This is what troubles me most. I grant you this is personal and that may be unfair. Maybe, on the one hand, there are preachers in the church who can perfectly understand where Furtick is coming from and validate and justify his theology of bigger-is-better audacity. Maybe, on the other hand, there are preachers in the church who get so caught up in the everydayness of visiting nursing homes, preparing two or three sermons a week, preaching funerals, conducting weddings, visiting shut-ins, preparing worship services, writing letters, printing bulletins and newsletters, going to meetings, leading, etc., that they don’t have the time to dream as big as Furtick did and does—and maybe that’s OK. Most preachers, for better or worse, have time to pray, “Lord, give us this day our daily bread—that’s all I have time for.”

Most of the time, daily bread is enough.


*I received this book for free from WaterBrook Multnomah Publishing Group for this review.

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The Next Christians: Gabe Lyons

The Next Christians

Gabe Lyons

Doubleday, 2010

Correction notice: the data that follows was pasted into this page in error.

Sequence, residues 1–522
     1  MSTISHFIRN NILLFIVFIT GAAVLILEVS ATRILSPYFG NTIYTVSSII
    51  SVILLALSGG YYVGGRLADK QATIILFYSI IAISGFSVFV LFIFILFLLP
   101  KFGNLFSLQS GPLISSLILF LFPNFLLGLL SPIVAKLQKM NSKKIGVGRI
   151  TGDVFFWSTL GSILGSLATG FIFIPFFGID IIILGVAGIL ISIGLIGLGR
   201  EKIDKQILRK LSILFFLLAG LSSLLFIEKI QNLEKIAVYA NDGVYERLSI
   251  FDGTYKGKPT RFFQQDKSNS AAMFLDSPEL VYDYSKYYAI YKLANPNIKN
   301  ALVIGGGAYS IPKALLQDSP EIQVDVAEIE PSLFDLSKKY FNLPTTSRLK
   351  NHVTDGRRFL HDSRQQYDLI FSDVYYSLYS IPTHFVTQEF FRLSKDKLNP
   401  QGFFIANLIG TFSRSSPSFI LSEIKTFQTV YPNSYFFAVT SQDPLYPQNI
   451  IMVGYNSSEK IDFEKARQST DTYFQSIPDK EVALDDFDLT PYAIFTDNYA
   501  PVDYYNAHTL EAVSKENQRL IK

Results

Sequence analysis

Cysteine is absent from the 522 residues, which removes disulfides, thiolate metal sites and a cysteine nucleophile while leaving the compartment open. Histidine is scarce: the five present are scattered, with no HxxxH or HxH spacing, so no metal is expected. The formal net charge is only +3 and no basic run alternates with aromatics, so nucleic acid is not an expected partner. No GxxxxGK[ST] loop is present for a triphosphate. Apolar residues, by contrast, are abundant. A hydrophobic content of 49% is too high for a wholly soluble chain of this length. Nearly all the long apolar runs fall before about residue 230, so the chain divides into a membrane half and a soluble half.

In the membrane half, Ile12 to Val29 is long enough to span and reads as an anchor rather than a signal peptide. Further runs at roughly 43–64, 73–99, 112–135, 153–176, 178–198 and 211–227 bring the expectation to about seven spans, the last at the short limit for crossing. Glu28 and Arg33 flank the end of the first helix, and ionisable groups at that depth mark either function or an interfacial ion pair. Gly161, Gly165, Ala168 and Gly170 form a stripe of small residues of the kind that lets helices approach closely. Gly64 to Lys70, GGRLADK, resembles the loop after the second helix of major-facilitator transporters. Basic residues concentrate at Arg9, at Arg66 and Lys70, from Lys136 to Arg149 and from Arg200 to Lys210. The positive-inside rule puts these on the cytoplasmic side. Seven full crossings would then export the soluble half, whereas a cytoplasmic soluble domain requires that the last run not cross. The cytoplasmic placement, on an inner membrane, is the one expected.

230 pages

“I believe that it is expected of the Church and its theology—a world within the world no less than chemistry or the theatre—that it should keep precisely to the rhythm of its own relevant concerns, and thus consider well what are the real needs of the day by which its own programme should be directed. I have found by experience that in the last resort the man in the street who is so highly respected by many ecclesiastics and theologians will really take notice of us when we do not worry about what he expects of us but do what we are charged to do.”—Karl Barth, The Doctrine of the Word of God 1.i, in Church Dogmatics, xvi

Let me say at the outset that I started hating this book around page 21 when the author added the word ‘the’ before the word ‘faith.’ I hastily scribbled in the margin, “No! The faith doesn’t change. There is only one faith once delivered. That doesn’t change even if the context in which it is lived out does.” I still wish the author had written that sentence a little differently because it took me the rest of the book to fully appreciate and understand what he had written and why he had written it that way. I sort of regretted getting hung up on the word ‘the’; it seems such a silly thing to stumble upon.

But maybe the faith does change. It would have been all too easy to get hung up on a mere article and let it ruin a wonderful journey just like so many Christians get hung up on small things and thus find their entire journey ruined also. Life and faith have so much to offer:  so much joy, so much adventure and thrill—I’m reminded of Bilbo Baggins who thought it a wonderful adventure to just step outside the front door. It’s easy to miss the faith when we are busy pretending we are defending something important like the faith. We Christians are very, very good at getting stuck at ‘the.’